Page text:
China India Photo: GT
Some Indian media recently said India’s “Special Frontier Force” (SFF), a force recruited mostly from exiled Tibetans, has “thwarted” the People’s Liberation Army (PLA)’s actions along the China-India border area. A Tibetan member died and another was critically wounded during the SFF’s illegal crossing of the Line of Actual (LAC) near the south bank of the Pangong Lake on Monday.
Indian Prime Minister Narendra Modi in June declared that Indian deaths in the Galwan Valley clash “will not be in vain.” And now, India is letting these exiled Tibetans rush to the forefront. It seems that New Delhi may try to play the Tibet card.
These exiled Tibetans only act as cannon fodder in India’s attempt to nibble into China’s interests on the border issue. “These exiled Tibetans’ status is very low in the Indian army. They can only use the opportunity to vent their dissatisfaction against the Chinese government,” Qian Feng, director of the research department of the National Strategy Institute at Tsinghua University, told the Global Times in an interview on Thursday.
After India once again unilaterally provoked the border issue, a video has been circulating on social media depicting Indian soldiers dancing with flags that show a separatist symbol adopted by the so-called “Tibetan government in exile.”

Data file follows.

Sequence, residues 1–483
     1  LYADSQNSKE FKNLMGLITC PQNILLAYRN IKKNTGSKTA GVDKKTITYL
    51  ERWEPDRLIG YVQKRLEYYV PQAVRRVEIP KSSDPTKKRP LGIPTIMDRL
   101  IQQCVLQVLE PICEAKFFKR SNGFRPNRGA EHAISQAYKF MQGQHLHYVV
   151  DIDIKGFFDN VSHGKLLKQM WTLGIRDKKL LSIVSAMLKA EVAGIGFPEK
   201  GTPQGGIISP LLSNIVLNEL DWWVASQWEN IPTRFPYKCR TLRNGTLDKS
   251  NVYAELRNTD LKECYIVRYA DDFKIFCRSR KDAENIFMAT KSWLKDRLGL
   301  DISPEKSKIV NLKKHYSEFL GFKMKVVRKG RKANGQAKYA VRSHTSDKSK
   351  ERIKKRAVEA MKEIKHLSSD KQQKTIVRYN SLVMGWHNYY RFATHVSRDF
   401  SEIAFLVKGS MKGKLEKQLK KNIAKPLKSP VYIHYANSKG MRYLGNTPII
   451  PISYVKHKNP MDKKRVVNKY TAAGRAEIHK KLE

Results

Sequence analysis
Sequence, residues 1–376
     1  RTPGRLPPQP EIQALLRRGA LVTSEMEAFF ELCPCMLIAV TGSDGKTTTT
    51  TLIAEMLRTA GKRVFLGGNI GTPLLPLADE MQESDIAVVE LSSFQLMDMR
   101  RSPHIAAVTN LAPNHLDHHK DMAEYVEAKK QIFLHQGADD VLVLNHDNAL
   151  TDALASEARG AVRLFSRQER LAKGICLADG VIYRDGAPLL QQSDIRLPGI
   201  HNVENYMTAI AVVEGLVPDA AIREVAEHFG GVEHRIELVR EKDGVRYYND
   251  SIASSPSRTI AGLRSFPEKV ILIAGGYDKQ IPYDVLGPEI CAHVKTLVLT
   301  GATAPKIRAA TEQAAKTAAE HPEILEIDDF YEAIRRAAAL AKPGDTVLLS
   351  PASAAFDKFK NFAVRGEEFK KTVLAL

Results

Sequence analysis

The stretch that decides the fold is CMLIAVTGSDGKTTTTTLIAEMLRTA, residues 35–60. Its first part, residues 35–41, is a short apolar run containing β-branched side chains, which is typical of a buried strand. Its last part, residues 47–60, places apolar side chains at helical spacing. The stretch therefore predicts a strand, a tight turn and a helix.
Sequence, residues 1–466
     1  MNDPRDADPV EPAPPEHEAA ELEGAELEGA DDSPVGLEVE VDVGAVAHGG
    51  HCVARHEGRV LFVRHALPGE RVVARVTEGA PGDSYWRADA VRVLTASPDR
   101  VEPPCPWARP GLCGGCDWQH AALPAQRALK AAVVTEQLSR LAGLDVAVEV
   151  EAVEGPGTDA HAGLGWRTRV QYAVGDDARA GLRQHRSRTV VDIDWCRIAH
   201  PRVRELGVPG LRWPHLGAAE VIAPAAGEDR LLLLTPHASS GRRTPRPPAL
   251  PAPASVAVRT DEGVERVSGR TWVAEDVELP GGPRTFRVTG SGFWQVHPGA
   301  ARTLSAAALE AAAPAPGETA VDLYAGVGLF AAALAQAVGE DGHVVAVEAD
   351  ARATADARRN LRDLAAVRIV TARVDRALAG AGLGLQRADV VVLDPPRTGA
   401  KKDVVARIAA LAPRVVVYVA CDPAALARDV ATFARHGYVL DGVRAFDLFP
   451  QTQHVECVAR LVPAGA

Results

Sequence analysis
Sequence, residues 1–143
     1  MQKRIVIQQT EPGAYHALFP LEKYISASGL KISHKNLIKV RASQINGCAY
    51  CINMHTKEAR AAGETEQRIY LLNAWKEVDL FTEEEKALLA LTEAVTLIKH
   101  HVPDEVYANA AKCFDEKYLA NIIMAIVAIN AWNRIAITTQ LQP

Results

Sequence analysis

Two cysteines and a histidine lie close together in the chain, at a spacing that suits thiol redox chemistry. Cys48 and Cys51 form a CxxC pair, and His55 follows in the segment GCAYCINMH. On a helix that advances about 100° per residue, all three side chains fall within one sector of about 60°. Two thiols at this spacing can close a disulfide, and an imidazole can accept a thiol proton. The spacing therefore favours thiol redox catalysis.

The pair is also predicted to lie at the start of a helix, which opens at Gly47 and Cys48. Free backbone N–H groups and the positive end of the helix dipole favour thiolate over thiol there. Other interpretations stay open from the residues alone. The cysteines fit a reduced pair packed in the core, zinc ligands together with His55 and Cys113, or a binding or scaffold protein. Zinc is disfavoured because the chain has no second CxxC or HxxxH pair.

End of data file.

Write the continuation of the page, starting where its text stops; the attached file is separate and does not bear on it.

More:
The authenticity of the video is unproven, but the Indian administration, kidnapped by soaring nationalism, may be enticed to play with fire on the Tibet question. Does India dare to openly recognize “Tibet secessionism,” and deny that Tibet is an inalienable part of China? If New Delhi is bold enough to openly oppose this fact, it is clearly aware of the consequences and shooting itself in the foot.
“If India openly supports ‘Tibet secessionism’ on border issues, does it mean that China can also support the insurgencies in Northeast India?” Qian said in the interview. India must realize that no country would allow another to wantonly violate its national sovereignty.
After illegally crossing the LAC on Monday, India on Wednesday banned another 118 Chinese mobile apps. It seems New Delhi has lost its rationality. India’s national strength does not allow it to start an all-out war on China, nor allows India to play the Tibet card on the border issue.
India should stop immersing itself in extreme nationalism. If India openly plays the card of “Tibet secessionism” and launches an all-round confrontation with China, China has many countermeasures to make India feel the pain. After all, China is protecting its legitimate sovereign interests, which all countries would strive to protect at any cost.
India has seriously overestimated itself by unilaterally provoking China and trying to change the status quo. If New Delhi wants to play the card of “Tibet secessionism,” it will only make its own situation worse. Considering India’s grim COVID-19 situation, the country would only be trapped in a quagmire domestically and externally. Respecting China’s sovereignty and taking the initiative to withdraw its troops as soon as possible is India’s only rational choice.